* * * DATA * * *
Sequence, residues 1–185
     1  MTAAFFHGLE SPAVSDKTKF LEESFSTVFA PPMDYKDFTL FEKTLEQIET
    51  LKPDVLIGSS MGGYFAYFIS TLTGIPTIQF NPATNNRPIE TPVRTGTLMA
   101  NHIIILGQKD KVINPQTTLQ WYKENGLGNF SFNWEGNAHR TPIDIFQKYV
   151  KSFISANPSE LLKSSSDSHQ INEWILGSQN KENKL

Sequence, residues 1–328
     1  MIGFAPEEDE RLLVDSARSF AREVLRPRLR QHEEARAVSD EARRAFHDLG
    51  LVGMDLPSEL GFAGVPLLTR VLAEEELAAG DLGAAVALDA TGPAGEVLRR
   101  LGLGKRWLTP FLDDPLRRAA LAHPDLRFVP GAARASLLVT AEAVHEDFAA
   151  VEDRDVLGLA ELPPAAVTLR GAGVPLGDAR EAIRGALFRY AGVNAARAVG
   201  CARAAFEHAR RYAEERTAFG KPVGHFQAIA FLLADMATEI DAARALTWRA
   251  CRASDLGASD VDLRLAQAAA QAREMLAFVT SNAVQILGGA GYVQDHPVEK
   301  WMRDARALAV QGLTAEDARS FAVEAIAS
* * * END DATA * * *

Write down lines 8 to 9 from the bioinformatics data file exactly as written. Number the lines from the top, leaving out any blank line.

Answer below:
    51  LVGMDLPSEL GFAGVPLLTR VLAEEELAAG DLGAAVALDA TGPAGEVLRR
   101  LGLGKRWLTP FLDDPLRRAA LAHPDLRFVP GAARASLLVT AEAVHEDFAA